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Are You Doing All You Can to Protect Your Customer Data?

July 8, 2019

Whether you’re a company of 5 or 500, protecting your customer data should be a top priority. Data breaches and ransomware attacks are growing in frequency and there seems to be no target too small for hackers. If you gather any information on your website or store customer data in an online database, you need to be implementing data privacy laws and best practices. People are increasingly wary of submitting personal data online so it’s important to take the necessary steps to ensure their privacy and protection. By taking the necessary precautions, you will not only protect your business from a catastrophic data breach and potential lawsuits, but you will also gain the trust of your customers. 

 

As a small business, there are a few basic steps you should take to protect your customer data. The following 6 steps will make your website more secure, reduce the risk of a data breach, and help guarantee to your customers that their personal information is safe with your business.  

 

1. Switch your domain to HTTPS

Regardless of the type of business you run or whether or not you’re collecting sensitive data on your website (this includes basic info like a name and email address), you should use HTTPS for your entire site. The reason for this is that an HTTP website doesn’t encrypt the information sent between your website and the user’s browser. This allows the internet service provider to harvest this information which includes clicks, searches, app downloads, and video streams. While at first glance this data harvesting may seem benign, it can reveal sensitive information about an individual, from health issues to financial status. Learn more about making the switch from HTTP to HTTPS in this Pagoda post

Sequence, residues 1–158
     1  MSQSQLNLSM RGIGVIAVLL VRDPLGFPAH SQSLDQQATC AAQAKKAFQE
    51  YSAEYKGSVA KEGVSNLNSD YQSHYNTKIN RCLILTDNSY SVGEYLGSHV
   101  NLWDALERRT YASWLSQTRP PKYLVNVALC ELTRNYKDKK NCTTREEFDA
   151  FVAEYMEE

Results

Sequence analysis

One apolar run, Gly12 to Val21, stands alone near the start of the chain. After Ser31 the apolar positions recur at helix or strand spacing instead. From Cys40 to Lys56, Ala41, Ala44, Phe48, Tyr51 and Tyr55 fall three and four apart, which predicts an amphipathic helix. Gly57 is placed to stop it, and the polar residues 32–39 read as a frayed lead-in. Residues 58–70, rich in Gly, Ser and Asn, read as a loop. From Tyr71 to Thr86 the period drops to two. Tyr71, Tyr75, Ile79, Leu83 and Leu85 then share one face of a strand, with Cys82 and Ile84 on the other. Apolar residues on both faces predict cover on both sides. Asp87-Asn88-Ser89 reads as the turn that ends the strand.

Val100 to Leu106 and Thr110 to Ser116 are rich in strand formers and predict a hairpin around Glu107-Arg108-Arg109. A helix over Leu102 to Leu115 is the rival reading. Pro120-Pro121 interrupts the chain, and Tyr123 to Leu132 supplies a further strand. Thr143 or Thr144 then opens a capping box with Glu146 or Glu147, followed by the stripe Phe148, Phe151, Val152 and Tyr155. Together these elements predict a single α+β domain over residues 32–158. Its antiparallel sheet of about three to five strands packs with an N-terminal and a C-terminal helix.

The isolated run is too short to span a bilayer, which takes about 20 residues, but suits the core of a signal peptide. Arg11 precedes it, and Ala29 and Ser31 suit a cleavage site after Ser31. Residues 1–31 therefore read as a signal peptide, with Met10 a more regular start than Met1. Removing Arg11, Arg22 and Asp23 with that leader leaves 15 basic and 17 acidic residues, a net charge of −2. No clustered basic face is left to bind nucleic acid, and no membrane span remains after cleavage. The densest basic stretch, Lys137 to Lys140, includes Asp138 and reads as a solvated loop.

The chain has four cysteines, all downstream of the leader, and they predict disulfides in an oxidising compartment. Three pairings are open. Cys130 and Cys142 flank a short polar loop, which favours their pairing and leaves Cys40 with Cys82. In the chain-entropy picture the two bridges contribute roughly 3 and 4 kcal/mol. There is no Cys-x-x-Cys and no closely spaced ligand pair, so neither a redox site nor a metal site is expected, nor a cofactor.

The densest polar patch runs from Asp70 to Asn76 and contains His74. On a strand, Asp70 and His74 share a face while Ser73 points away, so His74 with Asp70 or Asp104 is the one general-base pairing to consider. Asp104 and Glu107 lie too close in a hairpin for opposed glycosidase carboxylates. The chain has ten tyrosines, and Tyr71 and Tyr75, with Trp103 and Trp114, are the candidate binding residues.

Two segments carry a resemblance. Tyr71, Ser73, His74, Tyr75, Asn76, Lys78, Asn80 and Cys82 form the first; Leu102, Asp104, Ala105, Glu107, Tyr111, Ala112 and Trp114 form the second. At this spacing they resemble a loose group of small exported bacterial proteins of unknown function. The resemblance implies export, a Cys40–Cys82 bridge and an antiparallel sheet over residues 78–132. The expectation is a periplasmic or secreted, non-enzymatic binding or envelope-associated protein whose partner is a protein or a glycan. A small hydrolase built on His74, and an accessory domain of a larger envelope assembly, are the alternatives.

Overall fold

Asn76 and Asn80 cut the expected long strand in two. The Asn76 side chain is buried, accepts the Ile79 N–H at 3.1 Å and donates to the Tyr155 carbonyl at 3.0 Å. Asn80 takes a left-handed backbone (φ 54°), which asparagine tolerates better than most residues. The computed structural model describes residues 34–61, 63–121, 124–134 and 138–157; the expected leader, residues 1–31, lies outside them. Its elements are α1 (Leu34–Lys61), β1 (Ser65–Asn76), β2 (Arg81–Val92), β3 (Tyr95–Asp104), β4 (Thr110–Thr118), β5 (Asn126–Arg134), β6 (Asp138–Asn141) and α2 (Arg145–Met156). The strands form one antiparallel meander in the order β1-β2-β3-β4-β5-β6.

2. Only collect the data you need 

Often a newsletter sign-up form or contact form template includes a laundry list of personal data, from full name and email address to company name, size, and zip code. Sometimes it’s necessary to collect more detailed information about your customers, but asking for too much can both deter people from filling out your form and put their data at risk. Ask yourself, what will I be using this data for? Is it really necessary to require site visitors to provide a full name and zip code or do you really only need their first name so you can personalize your email campaigns? You may determine that a full name and zip code is necessary to help you best serve your customers, but often companies collect superfluous data that then puts their customers at unnecessary risk. 

 

3. Be selective when sharing data with a third party 

In March of this year, it was revealed that FEMA released unnecessary data of disaster victims with an outside contractor, exposing the information of approximately 2.3 million people who used the agency’s services. This recent incident underscores the importance of taking extra precautions when sharing your customers’ data with a third party. Facebook also shared the personal information of its users with a third party app, leading to the Cambridge Analytics data privacy scandal, affecting 87 million people. If you plan to share data with an outside contractor or third party app, thoroughly vet the company first to ensure you understand how they plan to use the data, what security measures they have in place to store it, and establish that they cannot sell or share that data with any other entity.  

 

4. Use trusted WordPress plugins